Ione Mako: And what can they do? If we’ve got lots of companies restructuring and there are going to be job losses there - we’ve seen with the banks there are already job losses - and if people are sharing resources and that’s going to lead to some departments closing, and if they’re not the ones going to look at the societal implications, what can government actually do?

Malcolm Prowle: Well there are various well trod methods here, you know, we’ve had examples in the past of where industries have disappeared for technological reasons or they’ve gone out of fashion. The mining industry is a classic example. The usual tools of our government are to try and compensate with economic investment in particular areas; improved training, improved job-finding facilities, those sorts of things.

Ione Mako: But they’re all going to cost the government money and they haven’t got it.

Malcolm Prowle: They’re all going to cost the government money, yes, exactly. It’s a balancing act, the use of public expenditure, how you use it is always a balancing act and you have to decide priorities and allocate accordingly.

Ione Mako: It sounds like we’re on a real, viscious downward spiral though because there are so many things needing money, and less money and people living longer, and the government even trying to make us live longer with all their health initiatives.

Malcolm Prowle: Yes. That’s undoubtedly the case. I mean a good example I think is, there was a report from the Institute for Fiscal Studies a few months ago which talked about at the very least two parliaments of pain. Two parliaments is ten years, you know, we can expect at least ten years of pain. Whether it goes beyond that, that’s a long way ahead but we certainly shouldn’t expect any short term solutions and a return to normality very quickly.

Ione Mako: And that actually seems to be a theme that’s coming out a lot that some of these problems have been brought about by very short-term thinking and we’re now going to be suffering long-term pain because of it. And maybe one of the lessons is that we need to step back and take a long-term view of this. Do you want to comment on that at all?

Malcolm Prowle: Well yes, I think this is starting to get to a personal view really but, yes. I mean, of course, the problem we have is that governments have to face the electorate every five years so that’s their sort of horizon; can we get re-elected? The other thing we all know about MPs’ expenses, and a comment that’s often made, of course, is that our House of Commons is now populated largely by people who are professional politicians. They’re not people who’ve come from another career into politics for a period of time, they are professional politicians. They don’t want to lose their jobs so, not surprisingly, they will take actions which have short term impacts which will help them get re-elected when the general election comes. And we’ve talked about potentially the next election there could be 300 MPs out of work, that’s the situation we’re in at the moment. So very difficult to know what to do.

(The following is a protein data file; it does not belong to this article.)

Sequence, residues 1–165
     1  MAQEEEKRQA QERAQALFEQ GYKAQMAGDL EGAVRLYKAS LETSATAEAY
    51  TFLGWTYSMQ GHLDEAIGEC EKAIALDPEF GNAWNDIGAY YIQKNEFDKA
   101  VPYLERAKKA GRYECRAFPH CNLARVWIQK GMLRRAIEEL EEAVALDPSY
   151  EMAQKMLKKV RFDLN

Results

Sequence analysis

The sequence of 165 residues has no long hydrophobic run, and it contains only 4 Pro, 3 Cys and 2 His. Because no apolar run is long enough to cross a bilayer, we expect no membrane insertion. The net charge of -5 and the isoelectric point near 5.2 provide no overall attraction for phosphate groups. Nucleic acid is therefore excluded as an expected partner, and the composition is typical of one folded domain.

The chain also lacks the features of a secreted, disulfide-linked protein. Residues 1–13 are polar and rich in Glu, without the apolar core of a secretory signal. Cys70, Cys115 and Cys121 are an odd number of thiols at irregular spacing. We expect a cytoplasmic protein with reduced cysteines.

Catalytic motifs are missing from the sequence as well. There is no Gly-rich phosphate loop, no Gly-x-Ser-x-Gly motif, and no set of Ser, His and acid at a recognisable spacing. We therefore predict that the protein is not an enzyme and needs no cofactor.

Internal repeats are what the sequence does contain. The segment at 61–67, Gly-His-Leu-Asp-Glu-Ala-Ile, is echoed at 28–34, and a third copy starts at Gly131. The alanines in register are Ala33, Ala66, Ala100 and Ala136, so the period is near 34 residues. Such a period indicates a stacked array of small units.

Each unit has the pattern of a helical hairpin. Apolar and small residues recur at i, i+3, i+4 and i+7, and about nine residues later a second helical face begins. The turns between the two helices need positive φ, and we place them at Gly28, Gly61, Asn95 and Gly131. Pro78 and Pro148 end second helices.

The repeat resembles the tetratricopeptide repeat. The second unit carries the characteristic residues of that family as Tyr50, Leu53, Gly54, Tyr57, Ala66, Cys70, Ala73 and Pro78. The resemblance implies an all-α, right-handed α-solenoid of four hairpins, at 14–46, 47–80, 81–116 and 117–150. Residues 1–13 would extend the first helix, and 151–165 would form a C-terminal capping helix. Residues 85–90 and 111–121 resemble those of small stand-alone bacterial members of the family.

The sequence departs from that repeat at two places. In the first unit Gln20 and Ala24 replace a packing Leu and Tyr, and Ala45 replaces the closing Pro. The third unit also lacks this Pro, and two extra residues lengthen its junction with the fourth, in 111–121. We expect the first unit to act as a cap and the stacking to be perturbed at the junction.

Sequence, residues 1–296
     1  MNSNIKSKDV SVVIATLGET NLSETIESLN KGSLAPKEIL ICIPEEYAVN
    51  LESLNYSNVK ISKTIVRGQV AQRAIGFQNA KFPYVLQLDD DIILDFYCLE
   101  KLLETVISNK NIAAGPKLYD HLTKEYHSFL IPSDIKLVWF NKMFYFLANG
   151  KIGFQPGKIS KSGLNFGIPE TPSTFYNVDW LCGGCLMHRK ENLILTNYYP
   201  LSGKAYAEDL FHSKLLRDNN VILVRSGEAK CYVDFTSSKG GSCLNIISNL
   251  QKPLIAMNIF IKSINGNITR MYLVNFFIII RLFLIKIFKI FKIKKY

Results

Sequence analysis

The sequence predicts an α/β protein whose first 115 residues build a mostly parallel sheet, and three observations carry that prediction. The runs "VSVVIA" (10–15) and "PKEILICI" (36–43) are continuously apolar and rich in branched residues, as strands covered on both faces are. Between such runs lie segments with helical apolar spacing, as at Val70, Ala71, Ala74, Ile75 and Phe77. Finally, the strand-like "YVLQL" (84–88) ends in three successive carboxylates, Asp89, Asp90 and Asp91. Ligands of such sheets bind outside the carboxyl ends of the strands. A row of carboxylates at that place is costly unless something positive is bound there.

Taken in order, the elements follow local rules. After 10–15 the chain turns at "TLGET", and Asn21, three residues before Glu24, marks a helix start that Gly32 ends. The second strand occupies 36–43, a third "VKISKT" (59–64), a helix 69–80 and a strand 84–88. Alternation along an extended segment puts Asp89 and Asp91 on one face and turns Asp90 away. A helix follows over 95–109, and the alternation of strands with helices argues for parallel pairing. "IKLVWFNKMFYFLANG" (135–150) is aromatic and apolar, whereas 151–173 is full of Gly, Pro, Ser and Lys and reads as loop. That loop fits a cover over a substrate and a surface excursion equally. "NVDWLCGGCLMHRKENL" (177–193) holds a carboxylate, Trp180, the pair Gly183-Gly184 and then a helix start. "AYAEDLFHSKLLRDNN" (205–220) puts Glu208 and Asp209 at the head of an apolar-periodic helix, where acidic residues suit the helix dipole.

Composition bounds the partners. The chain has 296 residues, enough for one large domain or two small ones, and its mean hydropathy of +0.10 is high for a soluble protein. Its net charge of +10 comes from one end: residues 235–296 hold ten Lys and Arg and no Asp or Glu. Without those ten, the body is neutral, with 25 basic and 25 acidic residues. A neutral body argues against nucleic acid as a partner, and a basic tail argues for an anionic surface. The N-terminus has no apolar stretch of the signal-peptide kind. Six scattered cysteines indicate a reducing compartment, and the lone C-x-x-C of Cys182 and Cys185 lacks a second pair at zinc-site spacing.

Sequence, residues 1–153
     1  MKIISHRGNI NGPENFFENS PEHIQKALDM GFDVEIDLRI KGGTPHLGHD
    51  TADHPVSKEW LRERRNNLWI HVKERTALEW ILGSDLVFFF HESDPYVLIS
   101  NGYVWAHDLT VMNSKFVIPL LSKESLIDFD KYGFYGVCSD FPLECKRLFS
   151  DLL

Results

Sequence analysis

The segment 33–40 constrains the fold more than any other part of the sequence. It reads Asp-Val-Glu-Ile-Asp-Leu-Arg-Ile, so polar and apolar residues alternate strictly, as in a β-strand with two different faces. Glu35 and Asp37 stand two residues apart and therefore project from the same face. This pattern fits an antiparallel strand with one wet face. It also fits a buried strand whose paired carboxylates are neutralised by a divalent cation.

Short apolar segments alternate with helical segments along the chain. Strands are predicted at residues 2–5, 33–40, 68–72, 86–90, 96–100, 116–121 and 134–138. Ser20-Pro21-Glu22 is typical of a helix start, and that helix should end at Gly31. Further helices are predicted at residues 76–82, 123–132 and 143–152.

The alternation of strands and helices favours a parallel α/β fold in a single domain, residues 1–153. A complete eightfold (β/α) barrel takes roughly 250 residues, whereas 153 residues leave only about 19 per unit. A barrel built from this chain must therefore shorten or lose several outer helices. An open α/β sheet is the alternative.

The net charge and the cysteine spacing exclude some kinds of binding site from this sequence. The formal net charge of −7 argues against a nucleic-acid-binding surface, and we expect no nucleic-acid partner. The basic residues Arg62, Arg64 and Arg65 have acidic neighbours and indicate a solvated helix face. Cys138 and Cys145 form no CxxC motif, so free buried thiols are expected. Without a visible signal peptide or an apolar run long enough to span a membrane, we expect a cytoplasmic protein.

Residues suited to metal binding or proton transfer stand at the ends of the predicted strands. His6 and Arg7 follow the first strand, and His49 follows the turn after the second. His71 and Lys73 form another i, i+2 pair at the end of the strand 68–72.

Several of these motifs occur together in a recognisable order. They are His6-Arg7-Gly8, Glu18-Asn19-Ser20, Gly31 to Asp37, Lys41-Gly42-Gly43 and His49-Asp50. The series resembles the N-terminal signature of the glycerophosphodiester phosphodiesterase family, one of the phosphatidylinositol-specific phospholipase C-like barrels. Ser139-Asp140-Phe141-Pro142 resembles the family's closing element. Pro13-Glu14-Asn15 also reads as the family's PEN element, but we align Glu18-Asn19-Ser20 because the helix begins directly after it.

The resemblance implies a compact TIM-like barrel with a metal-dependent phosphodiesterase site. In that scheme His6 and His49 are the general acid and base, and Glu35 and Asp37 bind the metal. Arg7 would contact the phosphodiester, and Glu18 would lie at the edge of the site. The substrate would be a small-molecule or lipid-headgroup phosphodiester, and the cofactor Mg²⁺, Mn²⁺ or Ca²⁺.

Ione Mako: That’ll be an interesting time, they might actually think of having a longer term view then.

Malcolm Prowle: Hmm.

Ione Mako: So, in a nutshell, okay, maybe we need a bit more long term thinking but what are the lessons do you think we could learn from this recession that might be different from the lessons of the past that we’ve either learned or failed to learn?

Malcolm Prowle: I’m not sure we should be so confident at the moment of knowing what the lessons are because, as I’ve suggested, I think this recession has got some time to run yet. We shouldn’t be making judgements now about the longer term impacts of that. I think what we might think on is whether - we often think about recessions as having impacts on business and economies and what have you; it could be that this recession, if it becomes really serious, has a major impact on our society and could lead to such things as people being much more risk adverse, people being much more conservative about spending, wanting to save more. Not surprisingly if people have large scale debts and they’re unemployed, they’re more likely to want to save. Being less bullish about investing large sums of money in housing, these sorts of things.

These could be long term impacts on society, but we don’t know yet. It’s got some years to run yet, and I think if you asked me this in three years’ time, "What were the lessons of this recession?" I think I might be in a much better position to answer that question then.

Ione Mako: That sounds like individuals may think about, in a sense, living a simpler life which also ties in with the whole sort of green movement that’s happening...

Malcolm Prowle: It may well do. It may well do. You’re absolutely right, yes.

Ione Mako: Well we’ll see, and maybe we’ll talk again in three years’ time, that would be lovely. For now, thank you very much Malcolm.

Malcolm Prowle: Okay, thank you.

Ione Mako: You’ve been listening to Open Finance on Lessons From History from the Open University’s Business School.